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A Hereditary Ataxia Caused by Huntington's-Type "Genetic Stutter"


For release: Wednesday, June 30, 1993

Scientists have discovered that another nervous system degenerative disorder, spinocerebellar ataxia type 1 (SCA1), has the same type of gene mutation occurring in Huntington's and Kennedy's diseases. Two teams of research scientists funded by the National Institute of Neurological Disorders and Stroke (NINDS) announced their discovery of the "genetic stutter" in this week's Nature Genetics *. In the disease, a normal three-base sequence in the genetic code — cytosine, adenine and guanine, or CAG — is abnormally repeated, according to Drs. Huda Y. Zoghbi, who led one team at the Baylor College of Medicine in Houston, Texas, and Harry T. Orr, who headed the other team at the University of Minnesota in Minneapolis. The same CAG repeat was reported earlier this year in Huntington's disease and in 1991 in the very rare Kennedy's disease, also called X-linked spinobulbar muscular atrophy.

"For the 10,000 or so Americans who have SCA1 and their families, this discovery means that we will soon have a relatively inexpensive test to confirm diagnosis, even though we don't yet have a cure," said NINDS director Dr. Murray Goldstein. "In addition, new techniques to screen for these repeats may be a shortcut to finding genes causing other disorders; the sooner we find a disease-related gene, the sooner we can learn what goes wrong in the cell. There may be common mechanisms of action, and this study provides a clear lead."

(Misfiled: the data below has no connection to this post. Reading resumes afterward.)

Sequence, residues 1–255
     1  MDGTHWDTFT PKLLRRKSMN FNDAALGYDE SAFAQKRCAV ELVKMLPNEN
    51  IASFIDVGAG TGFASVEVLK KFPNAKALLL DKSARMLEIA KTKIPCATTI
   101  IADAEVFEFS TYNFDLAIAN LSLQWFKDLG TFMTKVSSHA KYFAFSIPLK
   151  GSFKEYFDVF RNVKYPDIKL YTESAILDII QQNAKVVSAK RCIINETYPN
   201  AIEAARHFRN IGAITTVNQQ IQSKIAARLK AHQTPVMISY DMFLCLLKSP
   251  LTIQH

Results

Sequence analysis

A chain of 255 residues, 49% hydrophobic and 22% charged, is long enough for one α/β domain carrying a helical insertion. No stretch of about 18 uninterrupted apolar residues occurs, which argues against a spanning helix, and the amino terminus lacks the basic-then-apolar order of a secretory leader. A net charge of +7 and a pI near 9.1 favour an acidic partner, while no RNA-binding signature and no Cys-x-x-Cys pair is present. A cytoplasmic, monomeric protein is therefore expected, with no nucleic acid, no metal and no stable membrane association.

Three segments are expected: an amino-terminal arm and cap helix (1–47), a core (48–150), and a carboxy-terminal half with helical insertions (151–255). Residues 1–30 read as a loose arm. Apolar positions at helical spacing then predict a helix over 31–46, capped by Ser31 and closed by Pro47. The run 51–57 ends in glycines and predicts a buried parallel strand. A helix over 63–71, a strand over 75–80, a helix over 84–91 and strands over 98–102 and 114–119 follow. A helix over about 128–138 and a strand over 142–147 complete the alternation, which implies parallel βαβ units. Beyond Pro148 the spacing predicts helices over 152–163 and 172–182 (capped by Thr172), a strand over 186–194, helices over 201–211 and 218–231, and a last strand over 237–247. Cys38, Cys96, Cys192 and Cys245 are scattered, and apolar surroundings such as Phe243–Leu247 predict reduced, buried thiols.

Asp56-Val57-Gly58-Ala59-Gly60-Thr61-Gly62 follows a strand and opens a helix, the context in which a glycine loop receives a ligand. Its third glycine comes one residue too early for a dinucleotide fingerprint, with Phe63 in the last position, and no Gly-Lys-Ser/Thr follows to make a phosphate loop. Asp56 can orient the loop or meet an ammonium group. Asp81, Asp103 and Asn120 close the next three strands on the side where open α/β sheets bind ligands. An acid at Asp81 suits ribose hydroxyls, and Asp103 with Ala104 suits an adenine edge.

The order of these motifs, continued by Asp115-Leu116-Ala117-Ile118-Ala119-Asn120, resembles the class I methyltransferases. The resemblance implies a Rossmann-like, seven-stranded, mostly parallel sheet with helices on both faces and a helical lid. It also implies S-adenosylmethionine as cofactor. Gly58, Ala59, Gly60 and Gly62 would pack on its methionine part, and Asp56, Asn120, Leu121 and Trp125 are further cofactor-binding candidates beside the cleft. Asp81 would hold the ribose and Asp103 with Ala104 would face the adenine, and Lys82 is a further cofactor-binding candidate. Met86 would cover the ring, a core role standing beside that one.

In all three disorders, symptoms appear when the repeats exceed about 40. In SCA1 and Huntington's, a larger number of repeats appears to cause symptoms to begin earlier in life and progress more rapidly.

Dr. Zoghbi said she was surprised to find the threshold effect and the high correlation between the number of repeats and the age of onset in SCA1. "Our group is going on to explore the biology of this disease," Dr. Zoghbi said. "We need to understand the exquisite selectivity this CAG mutation has in specific brain cells. In Huntington's one set of cells is destroyed, in SCA1 another, and in Kennedy's a third."

SCA1 is inherited from one parent, and each child of an affected parent has a 50-50 chance of receiving the defective gene. This disease usually begins in early adulthood, but can start in childhood or late adulthood. The symptoms, which include the unsteady walk called ataxia, paralysis of the muscles controlling eye movement, and muscle weakness, gradually worsen leading to disability in 10 to 20 years and eventually death.

The NINDS, one of the National Institutes of Health located in Bethesda, MD, is the nation's leading supporter of research on the brain and nervous system and a lead agency for the Congressionally mandated Decade of the Brain.

*Orr, H.T., et al. Expansion of an unstable trinucleotide CAG repeat in spinocerebellar ataxia type 1. Nature Genetics , Vol. 4, pp. 221-6, July, 1993.

Last Modified August 7, 2009